Assessment and qualifications revenue increased 8%, driven by US student assessments and UK and international qualifications, virtual education increased 4%, as did OPM revenue. English language teaching increased by 24%.
Pearson’s English volumes test led the English language learning segment, which grew 90% to 827,000 “as global mobility continued to improve with reopening borders and increased market share in India,” the report said.
Pearson VUE saw “particularly strong growth in the IT and healthcare segments,” the report said, with professional license exam volumes rising to 19.4 million in 2022 from 16.8 million the previous year.
While higher education fell 4% due to declining enrollment and “adoption loss to non-mainstream publishers,” e-textbook platform Pearson+ saw its paid subscribers grow to 406,000 in fall 2022, up from 133,000 in fall 2021.
The results are “a testament to the strong momentum we’ve been building operationally and strategically over the last 24 months”, Pearson chief executive Andy Bird said.
“For the second year in a row, our financial results have exceeded expectations and we have seen progress in our strategic initiatives that are taking Pearson on an exciting new path,” he said.
“Our portfolio continues to grow with our new talent investment platform, Workforce Skills, which was created to take advantage of the structural growth in our markets and the increased need for upskilling and reskilling.”
Pearson expects Workforce Skills revenue to see double-digit growth in 2023.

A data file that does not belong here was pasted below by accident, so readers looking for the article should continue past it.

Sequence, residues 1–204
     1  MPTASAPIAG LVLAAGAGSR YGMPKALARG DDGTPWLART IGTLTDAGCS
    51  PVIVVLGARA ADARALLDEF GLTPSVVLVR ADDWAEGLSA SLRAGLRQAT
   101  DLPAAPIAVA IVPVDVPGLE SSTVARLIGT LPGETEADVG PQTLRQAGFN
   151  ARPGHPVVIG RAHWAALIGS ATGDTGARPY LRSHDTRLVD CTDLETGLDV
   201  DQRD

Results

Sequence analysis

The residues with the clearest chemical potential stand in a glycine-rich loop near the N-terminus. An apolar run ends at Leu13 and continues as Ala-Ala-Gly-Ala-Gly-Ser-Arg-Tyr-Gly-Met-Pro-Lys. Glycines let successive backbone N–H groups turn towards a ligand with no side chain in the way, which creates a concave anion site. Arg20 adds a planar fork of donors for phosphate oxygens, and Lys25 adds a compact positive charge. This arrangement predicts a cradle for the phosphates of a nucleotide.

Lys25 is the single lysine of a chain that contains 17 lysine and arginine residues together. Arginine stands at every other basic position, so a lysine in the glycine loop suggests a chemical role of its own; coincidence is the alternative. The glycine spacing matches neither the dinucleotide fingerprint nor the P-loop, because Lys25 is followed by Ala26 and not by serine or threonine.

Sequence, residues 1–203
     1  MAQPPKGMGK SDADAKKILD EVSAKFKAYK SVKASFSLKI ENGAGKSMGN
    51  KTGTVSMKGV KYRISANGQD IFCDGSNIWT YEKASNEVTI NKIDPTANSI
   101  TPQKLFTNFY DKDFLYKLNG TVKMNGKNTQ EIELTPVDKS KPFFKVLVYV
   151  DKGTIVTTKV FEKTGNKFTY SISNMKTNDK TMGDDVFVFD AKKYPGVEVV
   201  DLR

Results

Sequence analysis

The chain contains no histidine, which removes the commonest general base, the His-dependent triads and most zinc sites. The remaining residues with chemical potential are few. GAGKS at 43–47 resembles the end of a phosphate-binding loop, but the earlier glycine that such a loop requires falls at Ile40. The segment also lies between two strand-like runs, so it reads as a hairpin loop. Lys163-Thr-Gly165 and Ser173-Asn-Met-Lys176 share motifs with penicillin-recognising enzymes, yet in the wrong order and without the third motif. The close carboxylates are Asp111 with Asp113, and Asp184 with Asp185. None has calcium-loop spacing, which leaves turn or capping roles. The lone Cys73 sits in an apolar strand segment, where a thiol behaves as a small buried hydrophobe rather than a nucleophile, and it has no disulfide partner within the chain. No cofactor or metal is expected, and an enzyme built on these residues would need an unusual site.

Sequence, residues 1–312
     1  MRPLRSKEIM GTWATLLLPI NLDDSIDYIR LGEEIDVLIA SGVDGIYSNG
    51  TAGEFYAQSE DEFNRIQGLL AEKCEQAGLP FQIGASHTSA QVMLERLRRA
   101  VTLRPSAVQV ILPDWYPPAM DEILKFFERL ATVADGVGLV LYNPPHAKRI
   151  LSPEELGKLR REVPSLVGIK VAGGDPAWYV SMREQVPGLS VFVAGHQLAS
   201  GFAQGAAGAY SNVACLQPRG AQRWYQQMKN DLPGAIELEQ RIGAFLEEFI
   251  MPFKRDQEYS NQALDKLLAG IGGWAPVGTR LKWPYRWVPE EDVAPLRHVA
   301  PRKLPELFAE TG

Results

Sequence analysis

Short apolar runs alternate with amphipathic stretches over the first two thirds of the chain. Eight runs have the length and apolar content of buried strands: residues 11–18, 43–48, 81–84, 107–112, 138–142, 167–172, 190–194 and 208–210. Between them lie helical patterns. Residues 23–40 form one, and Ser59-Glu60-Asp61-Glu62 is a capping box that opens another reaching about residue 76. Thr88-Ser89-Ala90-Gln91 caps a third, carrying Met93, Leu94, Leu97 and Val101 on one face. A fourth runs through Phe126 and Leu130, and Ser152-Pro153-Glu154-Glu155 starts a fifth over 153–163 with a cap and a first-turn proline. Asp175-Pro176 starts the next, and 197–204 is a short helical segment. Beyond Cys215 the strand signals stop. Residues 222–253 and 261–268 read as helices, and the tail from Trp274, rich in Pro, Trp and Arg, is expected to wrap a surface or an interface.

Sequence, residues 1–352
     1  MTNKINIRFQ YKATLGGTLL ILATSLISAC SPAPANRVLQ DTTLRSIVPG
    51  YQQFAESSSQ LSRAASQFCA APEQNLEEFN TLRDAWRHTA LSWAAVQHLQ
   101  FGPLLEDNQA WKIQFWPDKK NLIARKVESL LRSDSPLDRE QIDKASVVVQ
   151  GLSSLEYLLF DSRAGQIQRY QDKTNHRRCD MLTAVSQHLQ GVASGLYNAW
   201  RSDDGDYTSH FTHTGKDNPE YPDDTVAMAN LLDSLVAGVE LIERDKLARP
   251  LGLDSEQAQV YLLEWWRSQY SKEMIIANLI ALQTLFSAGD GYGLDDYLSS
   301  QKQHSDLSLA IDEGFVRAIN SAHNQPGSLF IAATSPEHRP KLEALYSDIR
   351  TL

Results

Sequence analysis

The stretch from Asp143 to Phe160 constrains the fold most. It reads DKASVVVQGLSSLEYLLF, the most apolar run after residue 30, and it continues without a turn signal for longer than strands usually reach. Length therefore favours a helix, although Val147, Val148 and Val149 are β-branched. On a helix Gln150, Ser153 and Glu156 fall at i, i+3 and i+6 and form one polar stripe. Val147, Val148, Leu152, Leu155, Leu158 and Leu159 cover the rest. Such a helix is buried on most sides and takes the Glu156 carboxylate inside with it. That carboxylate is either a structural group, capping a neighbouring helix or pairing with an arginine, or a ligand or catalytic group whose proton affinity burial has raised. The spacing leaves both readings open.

“We’ve seen progress in our strategic initiatives that are taking Pearson on an exciting new path”
The acquisition of Mondly, digital credential specialist Credly and contracting entity PDRI, will support the growth strategy across the Pearson ecosystem, the company added.
Mondly is key to implementing Pearson’s credential segment and strengthening its consumer direct language learning space. The acquisition of workforce assessment provider PDRI “will extend Pearson’s services to US federal agencies and expand our presence with large employers,” the release added.
Upskilling and reskilling will be “a key driver of growth for Pearson in the coming years”, continued Bird, as the company continues to reshape its portfolio.
“Our confidence in the future is supported by continuous innovation along with the growing connectivity of the divisions. This is combined with accelerating demand for our digital solutions, a growing consumer-focused offering and our ability to serve more people throughout their lifelong learning.”
In 2023, the education company is “certain” to see further group underlying revenue growth in the low to mid single digits. This expectation does not include OPM products, a segment that is “still undergoing strategic review.”
English language teaching revenue is expected to grow in the single digits with increased margins, and assessment and qualification revenue is expected to see low to mid single digit growth.
The report said virtual schools’ revenue is likely to fall by half in the single digits due to “the waning of the Covid-19 cohort in the 2022/23 academic year as well as the loss of a large school”.
The report shows U.S. virtual school enrollment falling to 106,000 in 2022 from 111,000 in 2021, and OPM student enrollment falling slightly to 270,000 from 275,000 in 2021.
“We remain confident in the long-term performance of this solution [Virtual Learning] division and will launch Career Academies aimed at supporting teenagers who want to gain career education and experience. There will be four career academies in four states for the 2023-24 school year, and enrollment is underway,” Pearson added.